Review of An Enchantment of Ravens by Margaret Rogerson

Synopsis:
Isobel is an artistic prodigy with a dangerous set of clients: the sinister fair folk, immortal creatures who cannot bake bread or put a pen to paper without crumbling to dust. They crave human Craft with a terrible thirst, and Isobel’s paintings are highly prized. But when she receives her first royal patron—Rook, the autumn prince—she makes a terrible mistake. She paints mortal sorrow in his eyes—a weakness that could cost him his life.

Furious, Rook spirits her away to his kingdom to stand trial for her crime. But something is seriously wrong in his world, and they are attacked from every side. With Isobel and Rook depending on each other for survival, their alliance blossoms into trust, then love—and that love violates the fair folks’ ruthless laws. Now both of their lives are forfeit, unless Isobel can use her skill as an artist to fight the fairy courts. Because secretly, her Craft represents a threat the fair folk have never faced in all the millennia of their unchanging lives: for the first time, her portraits have the power to make them feel.

Review:
This book was truly magical. The writing was delightful, with great descriptions but didn’t at all suffer from being overly detailed, and more importantly, such an important mortal dilemma: What is it that makes humans love the fae, and fae want the love of humans? While the plot was interesting, very driven, the overarching theme of what makes life worth living was so expertly experienced, shown, and explained that I must greatly commend Rogerson for addressing a topic that most find hard to consider at all. As seems to be the case with most things, it appears that both fae and humans want what the other has– a case of the grass always being greener on the other side. The battle throughout back and forth was delightful, insightful, and positively suburb. I greatly recommend this to any and all that love YA/Faerie/Romance.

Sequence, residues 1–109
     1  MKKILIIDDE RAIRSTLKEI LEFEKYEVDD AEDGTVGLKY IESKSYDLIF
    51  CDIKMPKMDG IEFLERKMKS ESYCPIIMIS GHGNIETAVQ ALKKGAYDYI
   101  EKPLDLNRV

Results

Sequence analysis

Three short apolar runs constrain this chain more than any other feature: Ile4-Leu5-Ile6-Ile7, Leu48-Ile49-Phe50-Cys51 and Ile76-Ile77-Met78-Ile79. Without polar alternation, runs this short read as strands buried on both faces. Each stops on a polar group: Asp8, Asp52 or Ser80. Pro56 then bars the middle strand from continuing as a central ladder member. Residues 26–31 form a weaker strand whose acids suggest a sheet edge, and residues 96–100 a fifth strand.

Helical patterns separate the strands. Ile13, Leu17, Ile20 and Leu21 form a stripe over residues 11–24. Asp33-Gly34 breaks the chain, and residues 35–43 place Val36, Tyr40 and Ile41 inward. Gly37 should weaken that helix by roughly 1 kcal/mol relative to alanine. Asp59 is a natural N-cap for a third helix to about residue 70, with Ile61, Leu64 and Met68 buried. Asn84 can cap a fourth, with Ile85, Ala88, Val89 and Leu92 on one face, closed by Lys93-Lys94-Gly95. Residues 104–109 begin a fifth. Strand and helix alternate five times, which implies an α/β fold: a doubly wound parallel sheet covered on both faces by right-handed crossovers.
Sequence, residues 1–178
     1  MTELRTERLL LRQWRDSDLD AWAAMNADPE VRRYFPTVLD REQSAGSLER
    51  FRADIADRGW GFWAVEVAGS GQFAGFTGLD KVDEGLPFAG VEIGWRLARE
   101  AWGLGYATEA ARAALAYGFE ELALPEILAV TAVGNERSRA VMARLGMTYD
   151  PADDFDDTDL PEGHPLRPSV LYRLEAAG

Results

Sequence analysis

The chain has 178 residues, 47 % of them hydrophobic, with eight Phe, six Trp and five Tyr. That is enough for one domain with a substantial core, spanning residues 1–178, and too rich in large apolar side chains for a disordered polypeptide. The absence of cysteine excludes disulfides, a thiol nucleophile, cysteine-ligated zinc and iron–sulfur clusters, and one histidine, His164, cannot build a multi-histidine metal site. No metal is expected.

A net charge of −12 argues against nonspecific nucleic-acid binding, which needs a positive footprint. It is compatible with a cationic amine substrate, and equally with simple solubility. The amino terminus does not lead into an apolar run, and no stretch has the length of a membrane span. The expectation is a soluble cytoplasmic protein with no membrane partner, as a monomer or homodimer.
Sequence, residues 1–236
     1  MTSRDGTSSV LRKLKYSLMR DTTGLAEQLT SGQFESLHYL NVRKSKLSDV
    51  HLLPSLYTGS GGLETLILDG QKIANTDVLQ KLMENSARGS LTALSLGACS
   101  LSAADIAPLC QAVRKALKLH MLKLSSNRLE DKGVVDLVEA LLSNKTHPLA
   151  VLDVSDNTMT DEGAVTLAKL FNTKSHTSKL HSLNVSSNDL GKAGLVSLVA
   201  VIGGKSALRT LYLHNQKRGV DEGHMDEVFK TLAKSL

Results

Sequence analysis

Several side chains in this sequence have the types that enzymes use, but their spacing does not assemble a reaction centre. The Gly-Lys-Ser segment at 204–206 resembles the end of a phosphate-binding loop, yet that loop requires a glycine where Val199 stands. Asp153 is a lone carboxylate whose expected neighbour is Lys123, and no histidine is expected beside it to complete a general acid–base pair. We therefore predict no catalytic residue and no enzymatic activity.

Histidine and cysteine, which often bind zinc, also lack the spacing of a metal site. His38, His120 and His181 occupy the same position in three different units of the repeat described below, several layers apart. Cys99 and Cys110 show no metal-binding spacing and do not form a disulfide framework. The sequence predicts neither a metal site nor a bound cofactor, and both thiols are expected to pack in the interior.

Star Rating: ✯✯✯✯✯

Review of Beauty and the Beast: Steampunk Beauty and the Beast by Melanie Karsak

Beauty and Beastly: Steampunk Beauty and the Beast (Steampunk Fairy Tales Book 3) by [Melanie Karsak]

Synopsis:
In this tale as old as time, Isabelle Hawking must tinker a solution to a heartbreaking mystery.

When Isabelle Hawking and her papa set out from London on a sea voyage, Isabelle is thrilled. Visiting foreign courts, learning from master tinkerers, and studying mechanicals is her dream. And it doesn’t hurt that the trip also offers Isabelle an escape from her overbearing and unwanted suitor, Gerard LeBoeuf.

But Isabelle never arrives. Swept up in a tempest, her ship is lost.